Code for America’s 2021 Summit is happening May 12-13 with pre-Summit workshops on May 11. This year, our speakers will lead sessions in four tracks: Design + Delivery, Civic Innovation + Data, Operations + Management, and Technology + Policy. In this preview, we’ll be focusing on Civic Innovation + Data. This track will help you learn how new (and not-so-new) technology helps government connect with people, why learning from lived experience is at the forefront of innovation, and what you need to know around data governance, data strategy, ethics, and privacy. To find out more, we spoke with track lead Tyrek Shepard, a member of the National Advisory Council for the Code for America Brigade Network, and content committee co-chairs Arlene Corbin Lewis and Ryan Ko, Chief Marketing and Communications Officer and Chief of Staff at Code for America, respectively.

Help us get everyone on the same page. What does Code for America mean when it says “Civic Innovation + Data”?

Over a decade ago, Code for America was founded on the belief that government can work for the people, by the people, in the digital age. Core to this belief is the idea that innovation in government comes not only from technologists but from all parts of government. Indeed, many creative breakthroughs happen across the government space, at all levels and in all agencies.

Innovation does not just mean cutting-edge technology. Rather, innovation simply means taking the initiative to come up with creative solutions to improve how government serves people. This could mean creating new channels of collaboration across departments—such as sharing data or integrating decision-making between agencies. This could also mean transforming a compliance-oriented process into an outcomes-based one, or figuring out ways to present information to the public in an accessible and easily digestible way. At our core, we believe that innovation can come from anyone and anywhere, and this track highlights that.

What makes this track particularly relevant right now?

The COVID-19 pandemic has forced governments to react in new ways to meet the needs of impacted people. It has forced a reconsideration of what equity truly means in government service delivery. Simultaneously, a global reckoning around racism in public systems and services shined a spotlight on questions that have been raised for decades (if not centuries) but left largely unaddressed. We saw the transition of a US presidential administration be met with a violent reaction from supporters of the outgoing president. All of these issues and many more crosswinds have sparked a renewed interest in how civic innovation can drive government to provide more equitable and just outcomes. In the coming weeks, months, and years, governments will be challenged to move fast, react effectively to crises, collaborate, communicate transparently with the public, and transform how their work gets done… all things that we’d consider innovation.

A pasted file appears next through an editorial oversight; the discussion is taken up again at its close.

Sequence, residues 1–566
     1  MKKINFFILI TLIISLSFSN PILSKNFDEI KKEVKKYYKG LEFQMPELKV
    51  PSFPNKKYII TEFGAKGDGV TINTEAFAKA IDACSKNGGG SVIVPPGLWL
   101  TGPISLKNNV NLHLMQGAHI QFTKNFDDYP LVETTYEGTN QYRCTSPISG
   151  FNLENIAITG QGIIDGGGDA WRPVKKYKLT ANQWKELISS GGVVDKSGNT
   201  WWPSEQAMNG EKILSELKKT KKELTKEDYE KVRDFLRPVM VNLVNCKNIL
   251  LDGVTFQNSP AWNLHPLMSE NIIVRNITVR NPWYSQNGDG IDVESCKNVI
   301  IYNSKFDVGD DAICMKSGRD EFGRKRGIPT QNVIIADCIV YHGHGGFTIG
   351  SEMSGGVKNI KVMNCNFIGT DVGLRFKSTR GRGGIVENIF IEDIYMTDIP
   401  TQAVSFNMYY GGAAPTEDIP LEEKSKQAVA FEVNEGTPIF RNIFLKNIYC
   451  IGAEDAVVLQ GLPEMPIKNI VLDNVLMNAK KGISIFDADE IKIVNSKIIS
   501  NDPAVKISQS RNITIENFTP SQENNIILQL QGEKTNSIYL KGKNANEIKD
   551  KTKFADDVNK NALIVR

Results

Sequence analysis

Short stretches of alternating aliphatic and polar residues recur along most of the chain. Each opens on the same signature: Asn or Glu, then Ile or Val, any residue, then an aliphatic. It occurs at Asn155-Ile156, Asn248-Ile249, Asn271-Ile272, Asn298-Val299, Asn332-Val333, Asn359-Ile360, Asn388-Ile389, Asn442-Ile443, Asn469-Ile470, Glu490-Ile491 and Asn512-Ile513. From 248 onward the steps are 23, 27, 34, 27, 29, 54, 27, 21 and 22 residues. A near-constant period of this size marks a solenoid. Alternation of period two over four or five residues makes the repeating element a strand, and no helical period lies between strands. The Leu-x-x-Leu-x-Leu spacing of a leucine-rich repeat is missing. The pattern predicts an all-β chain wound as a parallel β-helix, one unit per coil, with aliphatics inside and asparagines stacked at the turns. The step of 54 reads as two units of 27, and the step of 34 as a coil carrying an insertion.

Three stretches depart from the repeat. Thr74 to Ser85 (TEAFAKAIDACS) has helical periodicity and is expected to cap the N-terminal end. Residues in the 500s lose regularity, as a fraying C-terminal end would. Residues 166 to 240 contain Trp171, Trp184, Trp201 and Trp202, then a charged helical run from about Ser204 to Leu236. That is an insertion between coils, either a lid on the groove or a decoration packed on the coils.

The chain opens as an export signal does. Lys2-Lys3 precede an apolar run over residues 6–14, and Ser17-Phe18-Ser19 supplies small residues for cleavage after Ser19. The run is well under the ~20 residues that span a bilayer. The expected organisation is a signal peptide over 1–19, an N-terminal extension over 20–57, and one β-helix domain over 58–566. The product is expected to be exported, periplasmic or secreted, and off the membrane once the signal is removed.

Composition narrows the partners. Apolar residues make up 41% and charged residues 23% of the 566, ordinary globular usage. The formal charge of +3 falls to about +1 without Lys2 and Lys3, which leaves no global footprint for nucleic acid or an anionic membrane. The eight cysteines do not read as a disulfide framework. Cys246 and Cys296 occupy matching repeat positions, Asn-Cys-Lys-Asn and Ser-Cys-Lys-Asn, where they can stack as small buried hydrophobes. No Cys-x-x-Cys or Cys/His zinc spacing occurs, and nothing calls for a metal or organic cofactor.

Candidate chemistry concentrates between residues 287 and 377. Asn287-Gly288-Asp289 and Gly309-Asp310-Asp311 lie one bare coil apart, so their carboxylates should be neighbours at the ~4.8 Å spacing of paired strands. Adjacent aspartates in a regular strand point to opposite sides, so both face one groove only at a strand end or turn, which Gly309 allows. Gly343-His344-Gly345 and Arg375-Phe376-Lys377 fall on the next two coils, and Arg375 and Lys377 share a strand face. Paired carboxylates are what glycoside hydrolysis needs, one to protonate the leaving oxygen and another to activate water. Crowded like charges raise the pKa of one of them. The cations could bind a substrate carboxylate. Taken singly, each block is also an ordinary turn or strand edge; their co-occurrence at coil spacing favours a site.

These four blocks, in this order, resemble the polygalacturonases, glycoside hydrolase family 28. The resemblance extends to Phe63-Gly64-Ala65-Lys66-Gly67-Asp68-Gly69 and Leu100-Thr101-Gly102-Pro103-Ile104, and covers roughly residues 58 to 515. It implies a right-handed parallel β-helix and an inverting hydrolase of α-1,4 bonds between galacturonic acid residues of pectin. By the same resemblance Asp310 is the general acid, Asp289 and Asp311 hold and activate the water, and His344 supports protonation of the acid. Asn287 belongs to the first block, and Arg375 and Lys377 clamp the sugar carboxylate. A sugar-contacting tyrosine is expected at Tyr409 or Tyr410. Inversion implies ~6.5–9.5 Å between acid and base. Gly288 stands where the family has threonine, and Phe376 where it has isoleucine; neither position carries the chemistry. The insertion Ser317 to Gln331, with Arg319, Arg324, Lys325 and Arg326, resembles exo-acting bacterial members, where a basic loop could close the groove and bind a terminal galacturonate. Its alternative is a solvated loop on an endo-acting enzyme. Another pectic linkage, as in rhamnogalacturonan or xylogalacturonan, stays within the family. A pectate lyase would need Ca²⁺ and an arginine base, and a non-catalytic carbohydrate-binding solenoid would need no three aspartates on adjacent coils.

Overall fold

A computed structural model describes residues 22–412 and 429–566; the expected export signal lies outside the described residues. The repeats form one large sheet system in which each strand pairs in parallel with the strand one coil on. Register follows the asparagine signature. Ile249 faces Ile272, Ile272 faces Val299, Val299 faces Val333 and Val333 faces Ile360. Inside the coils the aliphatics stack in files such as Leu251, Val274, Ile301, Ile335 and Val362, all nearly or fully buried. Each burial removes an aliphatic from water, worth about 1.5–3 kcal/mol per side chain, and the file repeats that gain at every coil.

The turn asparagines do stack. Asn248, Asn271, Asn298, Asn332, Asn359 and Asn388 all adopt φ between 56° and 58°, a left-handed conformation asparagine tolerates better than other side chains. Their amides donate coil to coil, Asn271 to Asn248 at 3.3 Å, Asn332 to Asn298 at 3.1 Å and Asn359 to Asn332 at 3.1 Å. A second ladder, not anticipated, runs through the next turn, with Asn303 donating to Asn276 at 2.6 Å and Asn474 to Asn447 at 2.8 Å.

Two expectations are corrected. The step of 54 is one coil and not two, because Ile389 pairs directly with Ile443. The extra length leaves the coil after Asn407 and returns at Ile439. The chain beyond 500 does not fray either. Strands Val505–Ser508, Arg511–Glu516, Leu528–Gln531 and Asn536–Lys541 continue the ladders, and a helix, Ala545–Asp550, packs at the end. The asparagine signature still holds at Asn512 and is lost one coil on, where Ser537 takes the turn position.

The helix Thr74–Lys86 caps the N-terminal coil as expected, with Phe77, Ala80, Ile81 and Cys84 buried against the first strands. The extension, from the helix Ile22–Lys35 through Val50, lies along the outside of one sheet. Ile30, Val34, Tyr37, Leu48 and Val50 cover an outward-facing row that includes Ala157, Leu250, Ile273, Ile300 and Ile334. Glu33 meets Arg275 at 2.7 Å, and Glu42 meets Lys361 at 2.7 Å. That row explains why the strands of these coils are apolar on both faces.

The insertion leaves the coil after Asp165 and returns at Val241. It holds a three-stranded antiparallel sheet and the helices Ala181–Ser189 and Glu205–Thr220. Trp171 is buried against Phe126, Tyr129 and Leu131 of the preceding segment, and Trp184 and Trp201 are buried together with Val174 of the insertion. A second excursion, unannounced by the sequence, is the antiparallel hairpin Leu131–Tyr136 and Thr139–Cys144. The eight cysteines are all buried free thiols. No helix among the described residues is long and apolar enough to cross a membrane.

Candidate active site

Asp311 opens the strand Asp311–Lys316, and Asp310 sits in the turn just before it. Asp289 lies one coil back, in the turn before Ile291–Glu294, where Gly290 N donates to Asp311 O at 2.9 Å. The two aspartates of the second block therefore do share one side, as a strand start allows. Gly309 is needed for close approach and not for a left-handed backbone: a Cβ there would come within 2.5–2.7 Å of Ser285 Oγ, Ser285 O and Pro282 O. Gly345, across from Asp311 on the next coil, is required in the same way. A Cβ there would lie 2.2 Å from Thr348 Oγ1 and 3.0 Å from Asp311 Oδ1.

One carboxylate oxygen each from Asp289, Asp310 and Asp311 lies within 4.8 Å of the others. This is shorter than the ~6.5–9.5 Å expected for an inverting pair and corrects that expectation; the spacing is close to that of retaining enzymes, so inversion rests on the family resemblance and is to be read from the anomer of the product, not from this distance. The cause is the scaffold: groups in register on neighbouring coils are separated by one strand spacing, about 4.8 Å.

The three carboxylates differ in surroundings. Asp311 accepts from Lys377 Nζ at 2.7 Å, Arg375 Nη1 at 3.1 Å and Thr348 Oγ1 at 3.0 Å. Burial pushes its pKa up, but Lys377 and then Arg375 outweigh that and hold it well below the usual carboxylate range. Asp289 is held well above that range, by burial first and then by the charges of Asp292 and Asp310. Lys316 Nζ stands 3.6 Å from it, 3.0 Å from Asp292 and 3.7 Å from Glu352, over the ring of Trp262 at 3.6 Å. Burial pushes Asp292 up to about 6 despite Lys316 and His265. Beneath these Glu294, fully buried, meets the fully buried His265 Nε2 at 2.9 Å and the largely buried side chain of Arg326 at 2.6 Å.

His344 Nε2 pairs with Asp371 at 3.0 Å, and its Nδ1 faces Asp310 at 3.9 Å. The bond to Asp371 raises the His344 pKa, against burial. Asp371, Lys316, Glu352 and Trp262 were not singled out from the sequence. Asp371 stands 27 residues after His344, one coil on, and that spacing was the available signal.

Who would benefit from attending sessions in this track, and what unique value does this track add to attendees’ Summit experience?

We hope that anyone interested in creative problem solving across government attends sessions in this track. This track is not just for technologists at the cutting edge of research and development—it’s for anyone interested in being a change agent who pushes government to better serve all people.


Want to see more of the Civic Innovation + Data track? Check out all our session descriptions here or browse through a sample of sessions in this track below:

  • Data by the People, For the People: How Transit Agencies are Using Data for Equity
  • Open Data and COVID-19: Applying Science and Technology to Build Greater Health Equity
  • Using Google to Lift Up Accurate, Relevant, Up-to-Date Information: Best Practices for Governments
  • Data-Informed Product Management: Creating a COVID-19 Dashboard to Help VA.gov Enhance Digital Service Delivery

Hear from speakers in government, non-profits, and the private sector, like: Tiasia O'Brien, the founder of Seam Social Labs; Kristen Honey, Chief Data Scientist and Senior Advisor to the Assistant Secretary for Health at the U.S. Department of Health and Human Services; and Kevin Hoffman, Digital Services Expert at the U.S. Department of Veterans Affairs / U.S. Digital Service. These speakers and many more are eager to engage with you!

Still haven’t signed up for Summit yet? Don’t worry! Tickets for the 2021 Code for America Summit are on sale through May 13, with tickets for pre-Summit workshops available until May 4. Register for Summit and workshops today.

 

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